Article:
Learn all about traction apophysitis of knee, heel, hip, elbow and foot.
Apophysitis, which is a common abnormality that affects the growing child, is the chronic inflammation of the traction apophysis caused by the characteristic response of the growing bone to repetitive trauma. Although MRI allows a precise diagnosis of this entity, signal characteristics on MRI, lack of imaging reports, and relative rareness in current MRI practice, make this entity difficult to diagnose. In this article, we present a comprehensive review of apophysitis of the lower limb regarding anatomy, physiopathology, clinical findings, and imaging features with special emphasis on MRI.
Apophysis is the site of attachment of tendons at long bones. They are the site of origin of insertion of major muscles or a muscle group. The epiphyseal plate is two to five times weaker than the surrounding fibrous structures (ligaments, tendons, and joint capsule) in children and adolescents. As the child grows older; the epiphyseal plate ossifies and becomes stronger. Consequently, a force causing a ligamentous or tendinous tear and degeneration in adults is more likely to cause an epiphyseal plate or apophysis lesion in a growing child
There are two types of lesions that involve traction epiphysis (apophysis). Acute epiphyseal avulsion is acute separation across the epiphyseal plate, which is usually produced by a strong muscular contraction (acute avulsion fracture of apophysis). Traumatic apophysitis is chronic inflammation of the apophysis, which is usually caused by strong repetitive contraction of a muscle attached to a traction apophysis that generates submaximal loading.
What is Traction Apophysitis?
Apophysitis refers to irritation and inflammation of the apophysis, a secondary ossification center which acts as an insertion site for a tendon. It is a common overuse injury in young athletes. In a growing athlete the apophysis is susceptible to injury because of repetitive stress or an acute avulsion injury.
Traction Apophysitis of Knee
Osgood-Schlatter Disease is apophysitis that occurs at the tibial tubercle (just below the kneecap). Sinding-Larsen-Johansson Disease is apophysitis at the patella (kneecap). Osgood-Schlatter disease is characterized by inflammation of the growth plate of the leg just below the knee at the tibial tubercle, a prominence just below the kneecap. The tibial tubercle is the bony attachment on the large bone of the lower leg (tibia) of the big, powerful thigh muscle (quadriceps) and patellar tendon. The growth plate is an area of relative weakness, and injury to it occurs due to repeated stress or vigorous exercise. It is a temporary condition of the tibial tubercle that is uncommon after age 16.
Traction Apophysitis of Heel
Sever’s disease (also known as calcaneal apophysitis) is one of the most common causes of heel pain in growing children and adolescents. It is an inflammation of the growth plate in the calcaneus (heel).The true origin of the heel pain of calcaneal apophysitis is a stress microfracture (invisible on x-ray) due to chronic repetitive microtrauma it’s an overuse syndrome that resolves without surgery in nearly all cases. Most patients experience pain relief and can resume full activities while using a simple in-shoe wedge-shaped orthotic. The most distinguishing feature on physical exam is the exquisite heel pain produced by lateral and medial compression (“squeezing”) of the heel.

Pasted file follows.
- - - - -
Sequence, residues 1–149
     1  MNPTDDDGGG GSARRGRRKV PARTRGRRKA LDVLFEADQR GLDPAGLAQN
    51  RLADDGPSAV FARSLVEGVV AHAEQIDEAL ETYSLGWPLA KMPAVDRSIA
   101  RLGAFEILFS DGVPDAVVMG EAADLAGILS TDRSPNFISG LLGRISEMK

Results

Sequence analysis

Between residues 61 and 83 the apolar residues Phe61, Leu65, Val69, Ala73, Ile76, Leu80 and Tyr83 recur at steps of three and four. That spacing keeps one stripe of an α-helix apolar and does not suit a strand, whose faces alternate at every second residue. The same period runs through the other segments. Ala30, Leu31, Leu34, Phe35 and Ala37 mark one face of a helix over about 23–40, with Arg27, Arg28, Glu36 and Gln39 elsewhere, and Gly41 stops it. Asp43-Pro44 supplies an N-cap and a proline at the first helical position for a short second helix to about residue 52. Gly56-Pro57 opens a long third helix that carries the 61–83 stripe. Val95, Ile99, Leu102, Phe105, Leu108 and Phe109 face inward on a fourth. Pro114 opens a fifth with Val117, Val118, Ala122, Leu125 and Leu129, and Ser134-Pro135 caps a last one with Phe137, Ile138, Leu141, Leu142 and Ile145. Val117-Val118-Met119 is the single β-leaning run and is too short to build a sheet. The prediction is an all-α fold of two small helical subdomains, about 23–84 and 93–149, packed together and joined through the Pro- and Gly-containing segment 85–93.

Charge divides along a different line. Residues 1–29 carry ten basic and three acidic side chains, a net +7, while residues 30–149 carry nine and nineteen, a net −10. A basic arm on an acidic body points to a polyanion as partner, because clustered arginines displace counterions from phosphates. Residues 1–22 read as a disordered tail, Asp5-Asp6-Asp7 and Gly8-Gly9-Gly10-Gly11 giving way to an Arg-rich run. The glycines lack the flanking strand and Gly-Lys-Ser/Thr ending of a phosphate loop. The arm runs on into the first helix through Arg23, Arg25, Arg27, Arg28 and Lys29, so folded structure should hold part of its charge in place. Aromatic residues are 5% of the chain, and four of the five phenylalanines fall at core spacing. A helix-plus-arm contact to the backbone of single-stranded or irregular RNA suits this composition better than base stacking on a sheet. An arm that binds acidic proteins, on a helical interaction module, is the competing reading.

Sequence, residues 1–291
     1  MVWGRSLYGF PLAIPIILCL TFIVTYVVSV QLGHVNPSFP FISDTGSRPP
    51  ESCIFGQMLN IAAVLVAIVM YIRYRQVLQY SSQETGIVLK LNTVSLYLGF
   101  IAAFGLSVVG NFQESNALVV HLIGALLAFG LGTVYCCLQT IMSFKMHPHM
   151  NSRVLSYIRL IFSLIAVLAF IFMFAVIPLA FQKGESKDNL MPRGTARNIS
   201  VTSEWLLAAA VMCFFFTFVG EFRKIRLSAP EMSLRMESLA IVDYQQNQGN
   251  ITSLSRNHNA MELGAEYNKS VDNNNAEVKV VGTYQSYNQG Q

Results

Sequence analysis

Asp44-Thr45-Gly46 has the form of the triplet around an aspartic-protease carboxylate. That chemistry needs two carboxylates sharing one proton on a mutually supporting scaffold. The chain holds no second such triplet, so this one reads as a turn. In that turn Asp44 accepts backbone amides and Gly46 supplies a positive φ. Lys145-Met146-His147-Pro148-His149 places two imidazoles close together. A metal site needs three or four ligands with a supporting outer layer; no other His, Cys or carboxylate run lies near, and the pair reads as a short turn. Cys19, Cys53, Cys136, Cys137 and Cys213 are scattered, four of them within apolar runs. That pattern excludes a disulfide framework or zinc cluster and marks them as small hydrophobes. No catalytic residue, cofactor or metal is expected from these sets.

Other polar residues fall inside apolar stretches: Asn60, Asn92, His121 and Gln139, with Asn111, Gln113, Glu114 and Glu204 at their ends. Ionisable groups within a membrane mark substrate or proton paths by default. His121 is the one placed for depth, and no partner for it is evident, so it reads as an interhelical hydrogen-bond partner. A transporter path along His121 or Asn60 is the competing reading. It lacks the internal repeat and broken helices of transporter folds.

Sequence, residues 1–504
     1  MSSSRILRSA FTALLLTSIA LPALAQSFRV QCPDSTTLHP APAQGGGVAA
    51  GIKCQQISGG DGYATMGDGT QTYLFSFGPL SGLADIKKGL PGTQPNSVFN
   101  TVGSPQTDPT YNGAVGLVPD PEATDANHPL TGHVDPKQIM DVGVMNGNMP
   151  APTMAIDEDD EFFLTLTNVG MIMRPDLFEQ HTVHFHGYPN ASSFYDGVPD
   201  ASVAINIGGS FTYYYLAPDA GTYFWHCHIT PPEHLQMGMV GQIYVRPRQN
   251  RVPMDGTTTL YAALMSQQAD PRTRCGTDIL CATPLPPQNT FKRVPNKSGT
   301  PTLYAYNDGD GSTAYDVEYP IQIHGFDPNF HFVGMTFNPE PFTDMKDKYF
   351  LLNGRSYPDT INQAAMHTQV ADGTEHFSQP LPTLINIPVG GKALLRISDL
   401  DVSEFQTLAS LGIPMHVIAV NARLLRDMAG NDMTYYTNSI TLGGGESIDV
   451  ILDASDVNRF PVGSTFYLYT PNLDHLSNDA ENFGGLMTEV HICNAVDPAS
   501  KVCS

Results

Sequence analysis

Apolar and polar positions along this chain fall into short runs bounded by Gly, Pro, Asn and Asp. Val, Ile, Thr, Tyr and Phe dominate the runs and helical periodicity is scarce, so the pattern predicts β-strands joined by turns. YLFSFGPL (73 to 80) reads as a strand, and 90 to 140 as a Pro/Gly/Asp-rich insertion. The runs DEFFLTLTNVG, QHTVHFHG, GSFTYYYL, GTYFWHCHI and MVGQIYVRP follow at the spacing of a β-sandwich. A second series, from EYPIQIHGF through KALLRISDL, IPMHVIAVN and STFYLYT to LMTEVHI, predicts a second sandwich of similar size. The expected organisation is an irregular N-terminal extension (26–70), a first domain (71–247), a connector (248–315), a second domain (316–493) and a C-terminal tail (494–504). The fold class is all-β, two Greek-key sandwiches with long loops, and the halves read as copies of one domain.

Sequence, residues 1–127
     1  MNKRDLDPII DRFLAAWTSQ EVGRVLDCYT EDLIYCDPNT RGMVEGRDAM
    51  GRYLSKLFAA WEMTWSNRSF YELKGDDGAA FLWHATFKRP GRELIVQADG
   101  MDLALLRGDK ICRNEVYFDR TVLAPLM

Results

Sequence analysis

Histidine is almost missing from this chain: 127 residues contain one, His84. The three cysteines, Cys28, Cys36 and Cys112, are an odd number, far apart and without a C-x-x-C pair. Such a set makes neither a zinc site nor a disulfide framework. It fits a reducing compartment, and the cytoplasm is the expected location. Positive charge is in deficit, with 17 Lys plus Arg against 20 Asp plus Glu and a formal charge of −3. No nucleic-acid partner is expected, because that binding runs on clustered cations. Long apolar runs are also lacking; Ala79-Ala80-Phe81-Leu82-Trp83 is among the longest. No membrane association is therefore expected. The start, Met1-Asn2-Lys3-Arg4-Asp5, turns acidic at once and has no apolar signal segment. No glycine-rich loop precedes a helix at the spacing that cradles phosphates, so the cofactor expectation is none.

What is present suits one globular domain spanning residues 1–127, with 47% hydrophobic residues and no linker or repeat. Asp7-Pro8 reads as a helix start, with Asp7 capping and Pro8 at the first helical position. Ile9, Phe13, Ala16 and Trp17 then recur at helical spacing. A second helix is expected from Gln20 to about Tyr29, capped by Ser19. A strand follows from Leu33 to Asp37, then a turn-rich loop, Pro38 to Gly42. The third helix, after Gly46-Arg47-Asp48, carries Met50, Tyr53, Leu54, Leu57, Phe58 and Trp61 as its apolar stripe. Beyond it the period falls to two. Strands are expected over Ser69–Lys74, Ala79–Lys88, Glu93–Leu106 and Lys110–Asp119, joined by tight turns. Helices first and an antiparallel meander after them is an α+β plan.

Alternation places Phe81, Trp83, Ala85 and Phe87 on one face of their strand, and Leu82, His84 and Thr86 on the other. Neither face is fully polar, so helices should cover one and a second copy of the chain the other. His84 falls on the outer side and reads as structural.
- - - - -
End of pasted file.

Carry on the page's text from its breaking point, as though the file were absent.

Traction Apophysitis of Hip
Apophysitis is an overuse injury that typically occurs after repetitive activities of the muscles attached to the apophysis. Adolescents with excessively tight hip and thigh muscles are more prone to pelvis/hip apophysitis. The apophyses most commonly affected are the anterior superior iliac spine (ASIS), the anterior inferior iliac spine (AIIS), and the iliac crest. The muscles that attach to these apophyses flex the hip and rotate and twist the pelvis and trunk. Apophysitis of the pelvis/hip usually affects runners, sprinters, dancers, soccer players and ice hockey players. You may have dull pain in the groin or the front or side of your hip that worsens with activity. There will be tenderness over the injury site and sometimes some swelling. Apophysitis may be mistaken for a muscle strain.
Traction Apophysitis of Elbow
Medial epicondyle apophysitis, often called “little league elbow,” is the most common injury affecting young baseball pitchers whose bones have not yet stopped growing. The medial epicondyle is the attachment site for the forearm muscles used in throwing and helps to stabilize the elbow during the throwing motion. This condition is characterized by irritation and inflammation of the growth plate (apophysis) on the inner side of the elbow (medial epicondyle).
Traction Apophysitis of Foot
Iselin disease is painful irritation and inflammation of the apophysis (growth plate) at the base of the 5th metatarsal (foot bone), where one of the calf muscles inserts. In a child, the bones grow from areas called growth plates. The growth plate is made up of cartilage, which is softer and more vulnerable to injury than mature bone. Iselin disease is most often seen in physically active boys and girls between the ages of 8 and 13. It is most common in children involved in soccer, basketball, gymnastics and dance. It is very important to stretch tight calf muscles to relieve tension on the growth center. If rest, ice and stretching do not relieve the pain.